Next Article in Journal
Design Flaws in United Kingdom Renewable Energy Support Scheme
Next Article in Special Issue
Using CFD to Evaluate Natural Ventilation through a 3D Parametric Modeling Approach
Previous Article in Journal
A Full-Newton AC-DC Power Flow Methodology for HVDC Multi-Terminal Systems and Generic DC Network Representation
Font Type:
Arial Georgia Verdana
Font Size:
Aa Aa Aa
Line Spacing:
Column Width:

Association between Building Characteristics and Indoor Environmental Quality through Post-Occupancy Evaluation

Rafaela Bortolini
1 and
Núria Forcada
School of Architecture and Urbanism, Universidade Federal de Pelotas, Benjamin Constant Street, 1359, Pelotas 96010-020, Brazil
Group of Construction Research and Innovation (GRIC), Department of Project and Construction Engineering (DPCE), Universitat Politècnica de Catalunya (UPC), Colom, 11, Ed. TR5, 08222 Barcelona, Spain
Author to whom correspondence should be addressed.
Energies 2021, 14(6), 1659;
Submission received: 23 February 2021 / Revised: 9 March 2021 / Accepted: 15 March 2021 / Published: 17 March 2021


Post-occupancy evaluations are common tools used to periodically assess Indoor Environmental Quality (IEQ) in tertiary buildings. Although the large amount of data collected from surveys contain valuable information, the influence of building characteristics on IEQ considering the different uses of the rooms and different types of occupants is rarely considered in the evaluation. This study presents an analysis of the association between building characteristics and IEQ in different building rooms (classrooms and offices) and different occupants (students and lecturers) using a post occupancy evaluation survey to 1013 occupants in 26 higher educational buildings in Spain under a Mediterranean climate. This research demonstrated that building characteristics influence IEQ perceptions of the different rooms in tertiary education buildings. The possibility of controlling the lighting, shadows or heating, ventilation air or conditioning (HVAC) systems are the most influential factors when analyzing IEQ. The findings of this research are of interest to facility managers aiming at implementing energy efficiency measures based on user-centric satisfaction or developing maintenance plans focused on IEQ enhancement.

Graphical Abstract

1. Introduction

Building performance can be assessed in terms of the indoor air quality, thermal comfort, lighting quality and acoustic quality, generally referred to as Indoor Environmental Quality (IEQ) [1]. Buildings must ensure a safe, healthy, comfortable indoor environment and satisfy the needs and demands of their occupants [1]. Good health and well-being is one of the United Nations’ seventeen Sustainable Development Goals (SDGs), which makes an urgent call for all countries to act [2]. The pandemic we are facing this current year is an example of how important a well-designed place is to support the health and comfort of its occupants.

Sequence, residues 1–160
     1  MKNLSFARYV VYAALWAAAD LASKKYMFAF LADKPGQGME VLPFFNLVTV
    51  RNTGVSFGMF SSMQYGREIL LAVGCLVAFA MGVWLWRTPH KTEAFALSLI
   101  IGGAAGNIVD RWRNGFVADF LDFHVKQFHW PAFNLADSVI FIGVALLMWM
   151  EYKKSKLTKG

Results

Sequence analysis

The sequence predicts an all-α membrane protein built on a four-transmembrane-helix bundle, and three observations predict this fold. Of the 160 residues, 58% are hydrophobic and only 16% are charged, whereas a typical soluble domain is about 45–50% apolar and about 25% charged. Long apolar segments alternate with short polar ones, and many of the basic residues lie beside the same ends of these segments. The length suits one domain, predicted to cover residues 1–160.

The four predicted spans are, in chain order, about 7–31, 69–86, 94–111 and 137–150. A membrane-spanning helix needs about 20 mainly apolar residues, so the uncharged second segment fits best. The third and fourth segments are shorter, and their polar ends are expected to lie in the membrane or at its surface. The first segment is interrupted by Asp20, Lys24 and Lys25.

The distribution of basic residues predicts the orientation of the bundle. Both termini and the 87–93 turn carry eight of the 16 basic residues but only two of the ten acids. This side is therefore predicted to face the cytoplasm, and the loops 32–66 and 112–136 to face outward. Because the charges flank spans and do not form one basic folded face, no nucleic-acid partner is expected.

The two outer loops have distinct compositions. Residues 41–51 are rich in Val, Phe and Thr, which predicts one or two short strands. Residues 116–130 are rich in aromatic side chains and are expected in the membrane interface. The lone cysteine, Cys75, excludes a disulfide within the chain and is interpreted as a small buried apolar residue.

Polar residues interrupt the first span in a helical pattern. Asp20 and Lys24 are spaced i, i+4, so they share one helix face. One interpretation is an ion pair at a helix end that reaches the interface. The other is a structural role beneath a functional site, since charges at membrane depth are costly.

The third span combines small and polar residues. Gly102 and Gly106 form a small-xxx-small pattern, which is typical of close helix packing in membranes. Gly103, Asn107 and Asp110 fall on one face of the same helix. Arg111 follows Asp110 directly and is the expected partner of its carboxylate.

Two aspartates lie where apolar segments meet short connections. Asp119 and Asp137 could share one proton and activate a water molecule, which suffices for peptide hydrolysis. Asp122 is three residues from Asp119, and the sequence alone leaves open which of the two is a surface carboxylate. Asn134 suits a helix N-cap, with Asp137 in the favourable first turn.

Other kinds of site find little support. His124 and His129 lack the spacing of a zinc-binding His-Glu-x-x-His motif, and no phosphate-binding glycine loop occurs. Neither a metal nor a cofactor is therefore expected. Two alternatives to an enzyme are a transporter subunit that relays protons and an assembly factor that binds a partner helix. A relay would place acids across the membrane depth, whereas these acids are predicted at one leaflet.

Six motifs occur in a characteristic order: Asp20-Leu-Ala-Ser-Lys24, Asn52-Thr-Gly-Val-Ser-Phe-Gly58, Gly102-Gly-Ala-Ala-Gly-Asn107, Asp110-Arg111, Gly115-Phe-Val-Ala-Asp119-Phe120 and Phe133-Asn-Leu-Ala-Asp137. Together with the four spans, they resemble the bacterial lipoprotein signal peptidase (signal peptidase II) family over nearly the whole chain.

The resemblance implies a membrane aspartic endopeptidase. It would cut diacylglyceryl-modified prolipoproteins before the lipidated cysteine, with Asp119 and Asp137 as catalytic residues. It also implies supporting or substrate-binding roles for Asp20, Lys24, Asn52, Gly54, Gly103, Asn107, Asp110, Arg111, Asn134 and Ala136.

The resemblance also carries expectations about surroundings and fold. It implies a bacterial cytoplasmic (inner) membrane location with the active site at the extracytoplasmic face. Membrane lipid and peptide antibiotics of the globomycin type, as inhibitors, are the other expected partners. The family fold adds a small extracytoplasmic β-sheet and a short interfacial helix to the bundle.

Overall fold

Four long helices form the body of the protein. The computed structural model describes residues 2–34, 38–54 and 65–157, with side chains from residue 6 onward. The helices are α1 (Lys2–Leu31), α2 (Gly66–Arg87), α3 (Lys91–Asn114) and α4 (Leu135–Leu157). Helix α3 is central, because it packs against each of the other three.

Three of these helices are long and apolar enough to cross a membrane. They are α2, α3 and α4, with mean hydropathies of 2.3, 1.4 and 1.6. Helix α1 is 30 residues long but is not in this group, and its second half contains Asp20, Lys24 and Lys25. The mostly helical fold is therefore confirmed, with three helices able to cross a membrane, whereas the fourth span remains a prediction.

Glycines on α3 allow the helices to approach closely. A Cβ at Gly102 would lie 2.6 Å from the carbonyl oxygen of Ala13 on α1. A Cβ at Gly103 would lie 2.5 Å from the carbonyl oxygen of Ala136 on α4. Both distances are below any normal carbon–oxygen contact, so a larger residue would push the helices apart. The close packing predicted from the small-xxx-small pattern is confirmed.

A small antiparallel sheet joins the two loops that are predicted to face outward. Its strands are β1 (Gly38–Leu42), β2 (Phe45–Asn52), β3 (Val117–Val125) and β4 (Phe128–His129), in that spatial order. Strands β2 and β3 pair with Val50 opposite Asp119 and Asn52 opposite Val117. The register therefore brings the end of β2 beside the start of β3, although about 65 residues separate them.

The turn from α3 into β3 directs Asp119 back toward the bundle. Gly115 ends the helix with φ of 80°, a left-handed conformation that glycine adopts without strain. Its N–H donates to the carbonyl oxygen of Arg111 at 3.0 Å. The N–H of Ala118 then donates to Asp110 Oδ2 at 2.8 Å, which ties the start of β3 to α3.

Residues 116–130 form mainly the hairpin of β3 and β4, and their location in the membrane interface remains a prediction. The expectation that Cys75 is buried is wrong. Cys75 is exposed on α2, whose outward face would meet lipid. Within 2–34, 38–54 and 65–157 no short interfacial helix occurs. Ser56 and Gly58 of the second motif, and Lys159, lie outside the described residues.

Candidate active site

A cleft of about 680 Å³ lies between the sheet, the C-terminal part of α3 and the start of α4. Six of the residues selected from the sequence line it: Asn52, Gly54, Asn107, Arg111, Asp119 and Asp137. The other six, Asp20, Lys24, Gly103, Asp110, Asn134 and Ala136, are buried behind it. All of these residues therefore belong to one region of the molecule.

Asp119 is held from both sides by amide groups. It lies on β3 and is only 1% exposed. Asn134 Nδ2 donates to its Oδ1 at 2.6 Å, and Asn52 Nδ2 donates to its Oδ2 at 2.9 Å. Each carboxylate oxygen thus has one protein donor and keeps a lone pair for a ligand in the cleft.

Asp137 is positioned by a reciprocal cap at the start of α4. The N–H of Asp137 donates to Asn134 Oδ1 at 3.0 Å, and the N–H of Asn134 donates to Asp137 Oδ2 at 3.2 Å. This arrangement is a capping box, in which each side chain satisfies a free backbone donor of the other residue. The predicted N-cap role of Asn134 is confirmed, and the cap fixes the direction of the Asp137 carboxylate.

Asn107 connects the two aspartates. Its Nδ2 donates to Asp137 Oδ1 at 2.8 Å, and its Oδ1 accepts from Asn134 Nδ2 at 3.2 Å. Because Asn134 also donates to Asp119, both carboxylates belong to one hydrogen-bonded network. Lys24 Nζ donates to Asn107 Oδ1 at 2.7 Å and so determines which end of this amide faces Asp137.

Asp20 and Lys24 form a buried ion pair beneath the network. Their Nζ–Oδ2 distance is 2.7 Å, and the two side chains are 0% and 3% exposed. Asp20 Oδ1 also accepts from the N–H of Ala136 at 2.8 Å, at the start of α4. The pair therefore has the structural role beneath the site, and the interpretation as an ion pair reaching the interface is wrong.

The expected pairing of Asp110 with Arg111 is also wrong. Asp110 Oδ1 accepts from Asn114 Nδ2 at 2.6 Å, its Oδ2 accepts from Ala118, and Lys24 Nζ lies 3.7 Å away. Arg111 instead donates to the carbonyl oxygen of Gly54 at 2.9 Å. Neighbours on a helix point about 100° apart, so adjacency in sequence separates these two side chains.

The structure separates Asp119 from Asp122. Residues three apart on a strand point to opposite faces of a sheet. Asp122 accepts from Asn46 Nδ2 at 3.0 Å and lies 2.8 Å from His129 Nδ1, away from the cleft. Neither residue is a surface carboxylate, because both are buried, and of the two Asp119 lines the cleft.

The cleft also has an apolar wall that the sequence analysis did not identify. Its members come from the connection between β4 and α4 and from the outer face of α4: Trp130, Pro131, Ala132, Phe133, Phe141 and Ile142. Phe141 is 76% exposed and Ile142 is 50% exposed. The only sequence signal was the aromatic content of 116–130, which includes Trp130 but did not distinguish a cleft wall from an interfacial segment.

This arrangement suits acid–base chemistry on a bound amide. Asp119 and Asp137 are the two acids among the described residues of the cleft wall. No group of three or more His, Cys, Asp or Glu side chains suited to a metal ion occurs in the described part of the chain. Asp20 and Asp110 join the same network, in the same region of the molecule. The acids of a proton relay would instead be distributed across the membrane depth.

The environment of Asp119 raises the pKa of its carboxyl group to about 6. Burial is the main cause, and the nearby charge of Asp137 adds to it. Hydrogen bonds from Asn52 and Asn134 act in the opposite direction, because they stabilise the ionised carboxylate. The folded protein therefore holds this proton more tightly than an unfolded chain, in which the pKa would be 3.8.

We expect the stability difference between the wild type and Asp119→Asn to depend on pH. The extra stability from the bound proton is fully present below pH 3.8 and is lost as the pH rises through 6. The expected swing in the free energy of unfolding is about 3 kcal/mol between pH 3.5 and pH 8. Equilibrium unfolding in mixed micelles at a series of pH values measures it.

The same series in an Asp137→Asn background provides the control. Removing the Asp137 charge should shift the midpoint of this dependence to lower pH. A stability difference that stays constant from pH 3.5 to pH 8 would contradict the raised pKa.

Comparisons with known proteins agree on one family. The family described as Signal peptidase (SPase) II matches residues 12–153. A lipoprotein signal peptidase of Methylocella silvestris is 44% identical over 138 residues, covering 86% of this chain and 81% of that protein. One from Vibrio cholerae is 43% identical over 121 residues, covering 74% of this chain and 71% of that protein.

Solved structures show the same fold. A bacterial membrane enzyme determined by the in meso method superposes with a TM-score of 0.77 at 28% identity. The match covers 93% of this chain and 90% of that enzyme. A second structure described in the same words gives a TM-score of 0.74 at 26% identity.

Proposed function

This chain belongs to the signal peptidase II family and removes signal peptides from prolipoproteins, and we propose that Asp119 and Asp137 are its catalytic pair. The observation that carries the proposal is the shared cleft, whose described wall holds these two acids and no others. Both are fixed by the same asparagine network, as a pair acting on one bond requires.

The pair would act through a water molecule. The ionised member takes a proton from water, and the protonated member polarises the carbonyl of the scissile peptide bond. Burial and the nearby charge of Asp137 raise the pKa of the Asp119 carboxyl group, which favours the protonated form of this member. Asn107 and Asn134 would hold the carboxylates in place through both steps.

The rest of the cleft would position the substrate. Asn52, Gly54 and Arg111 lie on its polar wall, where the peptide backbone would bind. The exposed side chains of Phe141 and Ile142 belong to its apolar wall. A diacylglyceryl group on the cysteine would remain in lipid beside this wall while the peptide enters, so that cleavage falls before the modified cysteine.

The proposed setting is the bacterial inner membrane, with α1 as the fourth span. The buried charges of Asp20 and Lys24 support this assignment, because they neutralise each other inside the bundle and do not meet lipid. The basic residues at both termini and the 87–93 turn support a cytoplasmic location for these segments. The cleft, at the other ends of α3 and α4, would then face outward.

The existing studies have confirmed that subjective post occupancy evaluation (POE) surveys using occupant-centric approaches together with objective building characteristics can help with analyzing IEQ and thus building performance [3].
It is important to monitor occupant satisfaction to provide an opportunity to objectively determine building performance. For instance, the WELL standard recognizes the importance of monitoring occupant comfort and recommends POE surveys once per year [4]. POE surveys provide valuable insights into whether the people who work in the building are satisfied with their indoor environment, which can be useful in determining the degree to which a building successfully promotes and protects its occupants’ health and comfort [4].
Previous studies on POE surveys focused on the impact of IEQ on building occupants’ satisfaction [5]. These studies revealed that thermal, visual, acoustic and air quality are the most common contributing factors to building occupants’ satisfaction [6]. However, other factors unrelated to the indoor climate may affect satisfaction in buildings [7]. The building occupants’ satisfaction is also affected by control over the indoor environment, layout, size, aesthetics, and type of HVAC, among others [6,7]. IEQ in higher educational buildings can greatly affect the learning process [8,9,10]. The evidence indicates that their associated facilities have a significant impact on occupants [11].
The effect of IEQ on user satisfaction was investigated in empirical studies, but not how building characteristics (design and facilities) affect IEQ and thus user satisfaction within different rooms.
On the one hand, the IEQ is not homogeneous for the entire building and differences among rooms occur. Spatial mapping allows indoor environmental discomfort to be identified more intuitively by architects, engineers and Facility Manager (FM) professionals, in order to involve them in a joint effort to enhance building performance over time [12].